It’s not like you just wake up one day, and your hearing is gone. For most people, hearing loss comes in degrees, especially when it is related to aging. Age-related hearing loss affects about one in three people in this country. Many of them are over the age of 75 before they notice a change. Some signs show up earlier, though, and you don’t realize there is a problem right away.
The early symptoms of progressive hearing loss are subtle. Recognizing them as sooner is essential to slow down the progression of hearing loss or other health problems related to hearing loss. You can’t recognize the signs if you don’t know what they are, though. Consider these eight barely noticeable indicators that you might have hearing loss.
1. Ringing in the Ears
Okay, this isn’t exactly a subtle sign, but it is something people tend to ignore unless it’s distracting. Tinnitus, the medical name for the ringing, is a common symptom of hearing loss.
Triggers are a significant factor in tinnitus so it can be intermittent, too. For example, maybe the ringing, buzzing or roaring only happens in the morning or when you are tired.
It’s essential that you don’t ignore tinnitus because it is a symptom that something is going on with your body. It may be hearing loss, but it could also be a sign of high blood pressure, circulatory problems or trauma. You won’t know for sure until you see your doctor, though.
2. You Dread Talking on the Phone
It’s is easy to make excuses for phone issues like:
My phone is old.
I dropped my phone in water or on the ground.
It’s a new phone, and I’m just not used to it yet.
Consider why you dread using our phone. If you have the volume all the way up and can’t understand what is being said, let someone else test the phone for you. If they can hear the conversation and you can’t, your ears are the problem.
3. It Seems Like Everyone Mumbles These Days
It used to be just the kids, but lately, the lady on the TV news, your neighbor and your spouse all have taken to mumbling when they talk to you. It’s hard to imagine that everyone in your life suddenly has poor enunciation.
The more likely answer is the way you hear words is changing. Mumbling or dropped off consonants like “S” or “T” is one of the first signs that your hearing is changing.
You might not even realize that you can’t hear conversations any more until someone points out that you say “What?” a lot. Very often the people you see every day like coworkers or family are the first to notice you are struggling to hear. If someone comments on it, pay attention.
5. You Hear Some People Just Fine But Not Others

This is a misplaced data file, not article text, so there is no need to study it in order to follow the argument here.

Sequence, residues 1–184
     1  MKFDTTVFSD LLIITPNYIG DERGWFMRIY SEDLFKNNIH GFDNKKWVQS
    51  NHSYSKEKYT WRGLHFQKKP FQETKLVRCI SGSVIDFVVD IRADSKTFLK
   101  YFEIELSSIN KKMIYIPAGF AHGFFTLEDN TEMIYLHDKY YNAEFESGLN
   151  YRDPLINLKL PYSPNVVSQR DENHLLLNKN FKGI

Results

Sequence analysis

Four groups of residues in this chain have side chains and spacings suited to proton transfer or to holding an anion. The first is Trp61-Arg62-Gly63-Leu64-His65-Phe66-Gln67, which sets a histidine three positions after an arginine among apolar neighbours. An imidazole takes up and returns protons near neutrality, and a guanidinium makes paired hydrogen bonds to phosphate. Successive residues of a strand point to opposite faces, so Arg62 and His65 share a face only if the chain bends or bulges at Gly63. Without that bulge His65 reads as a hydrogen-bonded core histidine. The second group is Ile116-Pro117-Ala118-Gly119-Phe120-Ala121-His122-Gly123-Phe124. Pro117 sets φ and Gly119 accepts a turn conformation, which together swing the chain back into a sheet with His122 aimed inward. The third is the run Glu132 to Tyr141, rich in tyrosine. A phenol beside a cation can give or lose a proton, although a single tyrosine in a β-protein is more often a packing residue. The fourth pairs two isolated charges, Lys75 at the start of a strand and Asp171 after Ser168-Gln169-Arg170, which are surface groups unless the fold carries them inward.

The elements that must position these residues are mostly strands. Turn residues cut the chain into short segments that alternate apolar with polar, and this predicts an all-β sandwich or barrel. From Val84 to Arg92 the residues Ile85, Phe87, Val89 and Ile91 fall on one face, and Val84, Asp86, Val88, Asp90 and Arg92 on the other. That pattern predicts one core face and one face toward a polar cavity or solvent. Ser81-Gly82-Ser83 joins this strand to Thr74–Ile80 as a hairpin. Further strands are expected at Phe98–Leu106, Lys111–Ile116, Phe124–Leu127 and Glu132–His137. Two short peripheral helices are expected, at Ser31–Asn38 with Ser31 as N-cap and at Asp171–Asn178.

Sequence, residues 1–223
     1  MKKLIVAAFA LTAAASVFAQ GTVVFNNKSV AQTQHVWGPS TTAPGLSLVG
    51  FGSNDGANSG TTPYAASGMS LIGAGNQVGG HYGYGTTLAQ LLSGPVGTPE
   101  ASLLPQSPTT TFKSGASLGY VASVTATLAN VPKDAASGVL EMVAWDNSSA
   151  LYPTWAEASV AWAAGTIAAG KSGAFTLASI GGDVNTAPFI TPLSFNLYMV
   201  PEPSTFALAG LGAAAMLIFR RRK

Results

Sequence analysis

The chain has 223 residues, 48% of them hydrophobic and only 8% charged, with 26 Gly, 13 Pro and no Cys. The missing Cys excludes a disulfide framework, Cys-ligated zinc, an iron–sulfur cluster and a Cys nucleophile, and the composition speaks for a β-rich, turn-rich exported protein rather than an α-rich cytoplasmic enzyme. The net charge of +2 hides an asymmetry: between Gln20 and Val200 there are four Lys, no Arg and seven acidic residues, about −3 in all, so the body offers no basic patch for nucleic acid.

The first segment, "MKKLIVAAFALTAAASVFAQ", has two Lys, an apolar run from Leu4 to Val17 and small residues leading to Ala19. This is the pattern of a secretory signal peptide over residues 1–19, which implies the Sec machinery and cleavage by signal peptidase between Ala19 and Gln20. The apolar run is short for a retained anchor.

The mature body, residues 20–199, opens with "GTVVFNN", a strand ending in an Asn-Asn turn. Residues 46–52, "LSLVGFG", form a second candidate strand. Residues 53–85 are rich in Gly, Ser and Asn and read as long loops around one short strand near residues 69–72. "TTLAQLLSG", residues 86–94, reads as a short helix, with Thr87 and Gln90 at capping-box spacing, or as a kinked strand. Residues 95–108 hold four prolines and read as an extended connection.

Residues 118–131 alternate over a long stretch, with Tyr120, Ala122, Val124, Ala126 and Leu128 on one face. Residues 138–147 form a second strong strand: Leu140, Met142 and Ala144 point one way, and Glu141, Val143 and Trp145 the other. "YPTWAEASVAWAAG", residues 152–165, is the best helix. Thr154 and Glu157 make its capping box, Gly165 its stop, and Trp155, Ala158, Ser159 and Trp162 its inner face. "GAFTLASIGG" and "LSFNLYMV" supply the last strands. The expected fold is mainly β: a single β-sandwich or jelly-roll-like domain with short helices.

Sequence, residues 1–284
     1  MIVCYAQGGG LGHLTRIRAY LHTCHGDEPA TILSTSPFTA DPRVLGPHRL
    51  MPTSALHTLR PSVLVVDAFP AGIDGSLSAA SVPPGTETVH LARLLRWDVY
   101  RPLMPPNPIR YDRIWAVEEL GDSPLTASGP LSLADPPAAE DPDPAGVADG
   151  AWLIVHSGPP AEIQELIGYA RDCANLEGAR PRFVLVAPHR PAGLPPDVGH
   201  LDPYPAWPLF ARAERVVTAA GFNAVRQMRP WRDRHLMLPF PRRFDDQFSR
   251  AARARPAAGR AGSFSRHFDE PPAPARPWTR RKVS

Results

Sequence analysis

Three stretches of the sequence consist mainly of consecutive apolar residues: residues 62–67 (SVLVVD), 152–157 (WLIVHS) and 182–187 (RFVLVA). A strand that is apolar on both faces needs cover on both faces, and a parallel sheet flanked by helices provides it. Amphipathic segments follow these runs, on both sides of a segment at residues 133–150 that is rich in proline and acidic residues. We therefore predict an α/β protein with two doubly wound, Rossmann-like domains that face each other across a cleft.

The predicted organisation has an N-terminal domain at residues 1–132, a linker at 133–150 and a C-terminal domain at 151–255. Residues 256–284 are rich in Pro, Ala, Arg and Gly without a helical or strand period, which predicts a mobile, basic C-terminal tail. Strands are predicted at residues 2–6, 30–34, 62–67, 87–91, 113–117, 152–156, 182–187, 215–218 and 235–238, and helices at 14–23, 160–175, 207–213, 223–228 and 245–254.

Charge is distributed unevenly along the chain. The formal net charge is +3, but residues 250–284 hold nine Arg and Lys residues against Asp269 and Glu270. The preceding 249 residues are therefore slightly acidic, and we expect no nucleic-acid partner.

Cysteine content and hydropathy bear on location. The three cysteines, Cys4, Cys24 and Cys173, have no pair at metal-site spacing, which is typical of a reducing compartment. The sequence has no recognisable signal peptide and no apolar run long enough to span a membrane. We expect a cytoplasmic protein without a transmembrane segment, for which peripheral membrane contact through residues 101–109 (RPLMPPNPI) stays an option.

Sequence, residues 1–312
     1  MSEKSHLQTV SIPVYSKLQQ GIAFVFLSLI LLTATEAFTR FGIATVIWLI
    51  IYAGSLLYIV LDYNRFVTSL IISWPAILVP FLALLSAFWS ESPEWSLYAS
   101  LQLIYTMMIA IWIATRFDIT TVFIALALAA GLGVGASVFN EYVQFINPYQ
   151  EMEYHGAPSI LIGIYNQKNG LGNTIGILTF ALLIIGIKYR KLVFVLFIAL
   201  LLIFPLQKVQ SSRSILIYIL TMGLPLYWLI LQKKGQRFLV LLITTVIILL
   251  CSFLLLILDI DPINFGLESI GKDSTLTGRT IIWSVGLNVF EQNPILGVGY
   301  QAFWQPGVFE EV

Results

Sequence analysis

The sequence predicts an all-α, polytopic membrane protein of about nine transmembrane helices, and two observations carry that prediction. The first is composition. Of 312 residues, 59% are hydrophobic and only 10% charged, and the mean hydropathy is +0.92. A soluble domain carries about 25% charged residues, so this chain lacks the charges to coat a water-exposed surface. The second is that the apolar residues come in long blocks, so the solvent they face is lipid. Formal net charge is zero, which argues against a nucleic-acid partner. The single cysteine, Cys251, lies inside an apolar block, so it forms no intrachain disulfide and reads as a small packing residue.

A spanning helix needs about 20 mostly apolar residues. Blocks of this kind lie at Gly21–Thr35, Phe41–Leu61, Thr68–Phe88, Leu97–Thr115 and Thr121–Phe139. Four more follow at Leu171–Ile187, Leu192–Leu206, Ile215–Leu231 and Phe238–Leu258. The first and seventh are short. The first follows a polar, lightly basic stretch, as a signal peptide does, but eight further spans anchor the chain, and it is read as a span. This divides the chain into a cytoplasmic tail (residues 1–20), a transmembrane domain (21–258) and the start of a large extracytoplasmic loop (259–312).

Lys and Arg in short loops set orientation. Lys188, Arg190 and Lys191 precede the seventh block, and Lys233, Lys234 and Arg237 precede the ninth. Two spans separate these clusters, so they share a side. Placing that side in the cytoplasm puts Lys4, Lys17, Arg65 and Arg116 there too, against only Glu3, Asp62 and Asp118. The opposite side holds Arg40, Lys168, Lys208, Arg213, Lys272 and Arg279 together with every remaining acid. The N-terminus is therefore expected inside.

Maybe you can understand the neighbor perfectly, but when his wife joins the conversation, everything gets messed up. It’s a common sign of sensorineural hearing loss or damage to the nerves that send electrical messages to the brain.
Her voice is a higher pitch, and that’s why it isn’t as clear. You might have the same problem with your grandchild or daughter. Even technology like the microwave or an alarm can throw a loop into things. Those tones are high, as well.
6. Going Out Isn’t as Much Fun as It Used to Be
Again, there are those mumbling people, and that’s not fun. Also, being in noisy places makes understanding what people say that much harder. Something as simple as the AC popping on during dinner or the sound of people talking around you makes it impossible to hear anything.
7. You Feel More Tired Than Usual
Struggling to understand words is exhausting. Your brain has to work overtime to process what it does hear, so you are more tired the usual. You might even notice changes in your other senses. If your brain is using 110 percent of its time and energy to understand words, what’s left for your eyesight or balance? If your last eye test was normal, then the next thing to get tested is your ears.
8. That Dang TV
It is easy to blame the TV or the service provider when you have to keep turning up the volume, but if this is happening all the time, maybe it’s time for a hearing test. It can be hard to follow the dialogue on TV shows when you have hearing loss. There is the background music confusing things, for example. How about the other stuff in the room like the AC or the ceiling fan? If the volume keeps going up, then your hearing might be failing.
The good news is all it takes to know for sure is a professional hearing test. If it turns out your hearing is declining, hearing aids will get things back to normal.